In addition to the laneway housing, the West End plan proposes limiting new towers mainly to the Burrard and Georgia corridors marking the border between the West End and the rest of downtown.
It also spells out heights and densities that would be allowed in various zones, how much money would be spent for a new library, pool, community centre and parks, and where new housing would not be allowed.
Unlike the rest of Vancouver, the area would not be permitted under the plan to have condos above businesses in the busy commercial strips. It would largely prohibit new development, except for the infill, from the interior of the neighbourhood.
Mr. Jackson said it was important not to allow a lot of development in the interior because it would endanger the huge amount of low-cost rental if property owners ripped down older buildings to put up taller ones.
Ms. Ackermann said she believes many people support the plan because the city has “made the right choice” by limiting development in the core.
Whether those people will come out on Wednesday in support, she is not sure.
November 22nd, 2013 · 9 Comments
There was news two weeks ago that PHS Community services was having its finances reviewed by BC Housing. Now Vancouver Coastal Health has confirmed that it is also auditing the group. My story here and below.
WARNING: If you have any information you feel you have to share, do it in a private email to me: francesbula at gmail.com. I will not allow libellous comments or unsubstantiated allegations on the public blog.
Posting for a friend: Urban events
PIBC PlanTalk – Availability, Utilization, and Intensification of Industrial Lands – Nov 19
Metro Vancouver Dialogues – Great City Making Demands Innovation – Nov 19 + 22 + 28 + Dec 10
Vancouver Board of Trade – Chair Greg Moore, Long Term Infrastructure Planning: Sustaining a Livable Region – Nov 20
SFU City Program Lecture – The Same, Only Different: Australian Planners Compare Vancouver and Brisbane – Nov 21
ULI BC – Annual Real Estate Outlook – Nov 26
Lots of shock yesterday re Mark Hume’s story in the Globe with a leaked copy of proposed changes to the ALC, which would see it moved inside a provincial ministry and have its mandate altered to take into account economic factors.
Metro Vancouver’s planning committee was already planning to vote on a motion today asking to ensure the ALC is not weakened in any way. The news about the legislation ought to add considerable fuel to that debate.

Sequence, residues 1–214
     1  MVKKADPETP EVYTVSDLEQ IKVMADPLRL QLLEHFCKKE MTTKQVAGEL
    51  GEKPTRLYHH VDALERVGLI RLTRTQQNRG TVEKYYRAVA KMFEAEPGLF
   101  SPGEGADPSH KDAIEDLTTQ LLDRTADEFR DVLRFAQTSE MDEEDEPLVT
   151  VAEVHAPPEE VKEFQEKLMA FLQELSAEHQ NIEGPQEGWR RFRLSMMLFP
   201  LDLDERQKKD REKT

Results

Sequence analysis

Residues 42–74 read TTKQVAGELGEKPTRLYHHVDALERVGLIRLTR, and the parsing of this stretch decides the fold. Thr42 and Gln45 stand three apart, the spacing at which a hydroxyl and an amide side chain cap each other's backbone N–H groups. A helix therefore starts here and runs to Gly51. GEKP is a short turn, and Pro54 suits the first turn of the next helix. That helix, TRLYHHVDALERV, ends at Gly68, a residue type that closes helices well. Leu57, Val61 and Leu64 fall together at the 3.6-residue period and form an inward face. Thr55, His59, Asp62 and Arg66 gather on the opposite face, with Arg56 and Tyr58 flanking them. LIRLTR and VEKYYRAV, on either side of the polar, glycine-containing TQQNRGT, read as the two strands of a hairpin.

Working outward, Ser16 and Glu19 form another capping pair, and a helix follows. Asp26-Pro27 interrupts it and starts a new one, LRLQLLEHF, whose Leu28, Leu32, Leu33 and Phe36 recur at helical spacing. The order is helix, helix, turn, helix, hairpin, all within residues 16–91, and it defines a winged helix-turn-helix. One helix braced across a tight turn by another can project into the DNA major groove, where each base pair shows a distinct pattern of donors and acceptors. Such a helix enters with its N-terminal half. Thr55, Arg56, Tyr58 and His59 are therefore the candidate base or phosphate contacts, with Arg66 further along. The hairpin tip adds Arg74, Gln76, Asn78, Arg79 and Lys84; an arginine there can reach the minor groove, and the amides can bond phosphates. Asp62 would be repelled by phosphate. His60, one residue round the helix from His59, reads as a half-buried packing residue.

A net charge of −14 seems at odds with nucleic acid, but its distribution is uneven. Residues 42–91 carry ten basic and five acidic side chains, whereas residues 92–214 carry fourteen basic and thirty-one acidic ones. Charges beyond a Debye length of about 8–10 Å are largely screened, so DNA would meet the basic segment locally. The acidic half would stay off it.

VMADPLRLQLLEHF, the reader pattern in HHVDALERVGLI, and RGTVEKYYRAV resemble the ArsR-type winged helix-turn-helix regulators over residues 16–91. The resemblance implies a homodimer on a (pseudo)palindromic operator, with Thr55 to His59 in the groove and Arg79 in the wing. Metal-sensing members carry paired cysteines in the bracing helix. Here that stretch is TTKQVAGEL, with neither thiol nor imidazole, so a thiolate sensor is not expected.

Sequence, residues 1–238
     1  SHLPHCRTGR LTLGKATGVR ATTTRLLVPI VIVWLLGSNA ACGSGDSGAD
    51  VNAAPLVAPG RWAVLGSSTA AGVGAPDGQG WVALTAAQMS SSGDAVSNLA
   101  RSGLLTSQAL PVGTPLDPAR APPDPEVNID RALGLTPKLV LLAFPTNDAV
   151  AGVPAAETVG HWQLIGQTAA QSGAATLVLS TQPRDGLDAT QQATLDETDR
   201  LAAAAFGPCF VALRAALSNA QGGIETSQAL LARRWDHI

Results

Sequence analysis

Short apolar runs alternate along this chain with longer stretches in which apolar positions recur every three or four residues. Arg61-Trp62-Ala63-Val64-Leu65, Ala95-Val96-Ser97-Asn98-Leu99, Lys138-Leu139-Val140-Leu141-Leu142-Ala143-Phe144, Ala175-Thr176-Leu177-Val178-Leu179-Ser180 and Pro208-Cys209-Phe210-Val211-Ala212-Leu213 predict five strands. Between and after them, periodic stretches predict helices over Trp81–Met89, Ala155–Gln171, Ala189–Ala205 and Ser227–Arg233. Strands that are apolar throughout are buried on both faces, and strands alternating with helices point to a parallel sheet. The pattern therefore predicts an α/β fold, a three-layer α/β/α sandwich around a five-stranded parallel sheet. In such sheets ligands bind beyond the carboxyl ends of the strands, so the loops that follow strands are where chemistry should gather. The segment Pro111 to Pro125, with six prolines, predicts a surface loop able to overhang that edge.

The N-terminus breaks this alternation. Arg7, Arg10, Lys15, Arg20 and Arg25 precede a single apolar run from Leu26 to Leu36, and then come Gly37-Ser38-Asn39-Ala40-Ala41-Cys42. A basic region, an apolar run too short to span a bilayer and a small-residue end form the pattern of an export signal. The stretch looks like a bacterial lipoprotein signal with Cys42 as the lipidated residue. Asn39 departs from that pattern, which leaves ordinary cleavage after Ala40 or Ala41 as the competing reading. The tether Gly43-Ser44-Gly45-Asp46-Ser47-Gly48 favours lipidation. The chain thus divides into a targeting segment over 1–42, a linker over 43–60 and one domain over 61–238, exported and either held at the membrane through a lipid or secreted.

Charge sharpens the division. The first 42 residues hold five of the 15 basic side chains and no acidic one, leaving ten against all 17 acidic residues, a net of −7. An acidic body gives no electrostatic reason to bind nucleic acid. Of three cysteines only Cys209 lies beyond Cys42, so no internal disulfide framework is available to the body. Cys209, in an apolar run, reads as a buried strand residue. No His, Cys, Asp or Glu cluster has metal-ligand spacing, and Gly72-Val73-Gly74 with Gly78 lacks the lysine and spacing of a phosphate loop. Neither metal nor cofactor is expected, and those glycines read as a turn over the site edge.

Richmond Councillor Harold Steves, in the follow-up story Mark and I did for today, also warned that Metro would make sure no agricultural land is let go in the Lower Mainland, using the new, strengthened provisions of the Regional Growth Strategy.
The civic election isn’t until Nov. 15, 2014. But you’d never know it from the jostling going on among parties hoping to harness the resentment they believe Vision Vancouver is sowing. A sign of the times — I wrote an article for Vancouver magazine about the energy people are putting into campaigns early — especially NPA president Peter Armstrong, who has already hired three people and installed two of them in his fantastic office on the 30th floor of the TD bank tower.
At the time, a mere four or so weeks ago, TEAM spokesman Bill McCreery was talking about the triumvirate that had founded this revival of the successful party of the 1970s — himself, Dave Pasin, and former councillor Jonathan Baker. At 5:16 a.m. today, I got a news release from the NPA (Natasha, that is some early hours you’re putting in) saying that Baker has joined the NPA, with various paragraphs outlining his history.
There’s a sign that Mr. Armstrong and company are going to go to the mat over even the littlest things — and that they consider TEAM a threat.
And TEAM, which I understand held a successful fundraising dinner last night (I meant to go but have been laid low with some version of the plague), is a threat. It could strip away the few thousand votes that the NPA desperately needs to win in a tight election. While more sophisticated voters, who understand the overall chess game, will be wary of throwing a vote away on a small party that seems likely to split the anti-Vision centre-right vote, others will not be. I know there are people out there who want to vote against Vision, don’t see the NPA as being any less in bed with developers, and who won’t want to express their discontent by voting COPE.
More of this to come. My opening chapter, in this issue of Vancouver magazine, is here.
By the way, after I had finished writing this story, I did get a face-to-face meeting with Peter in his stunning office, which seems to be a hive of political activity. As I arrived, former NPA council candidate Michael Geller was leaving and former NPA park-board commission Al de Genova was also leaving. The two full-time staffers for the NPA, KellyReichert. the former executive director of the B.C. Liberal Party, and Natasha Westover, former constituency assistant to one-time cabinet minister Kevin Falcon, were hard at work in their offices. Peter appears to be interviewing everyone in town about civic politics, from former mayors to me, where I got a light grilling about my political views. He has even attended a COPE public meeting, where, he says, there are people doing some fine work. Indeed.
Friends and associates are still mystified as to why he has taken this crusade on with such passion. Peter keeps saying it’s because he cares about the city, but I can’t help thinking there’s more. One person suggested it’s because he really didn’t like the fact that Vision councillors passed some kind of negative motion about Rocky Mountaineer during the lockout. Could that be it? Who knows?
At any rate, he is driving this boat full steam ahead.